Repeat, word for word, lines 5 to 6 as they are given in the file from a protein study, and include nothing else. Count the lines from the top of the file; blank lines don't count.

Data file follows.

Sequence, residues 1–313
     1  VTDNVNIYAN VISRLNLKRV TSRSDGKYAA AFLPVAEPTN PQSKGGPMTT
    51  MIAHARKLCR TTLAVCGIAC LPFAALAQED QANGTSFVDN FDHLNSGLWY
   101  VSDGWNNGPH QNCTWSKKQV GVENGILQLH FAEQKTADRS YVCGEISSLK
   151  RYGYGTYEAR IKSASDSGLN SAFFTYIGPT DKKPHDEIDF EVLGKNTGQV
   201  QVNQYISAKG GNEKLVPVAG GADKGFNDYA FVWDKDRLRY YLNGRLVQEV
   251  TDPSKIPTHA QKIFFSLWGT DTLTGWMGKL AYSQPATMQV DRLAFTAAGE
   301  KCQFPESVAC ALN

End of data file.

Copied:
   151  RYGYGTYEAR IKSASDSGLN SAFFTYIGPT DKKPHDEIDF EVLGKNTGQV
   201  QVNQYISAKG GNEKLVPVAG GADKGFNDYA FVWDKDRLRY YLNGRLVQEV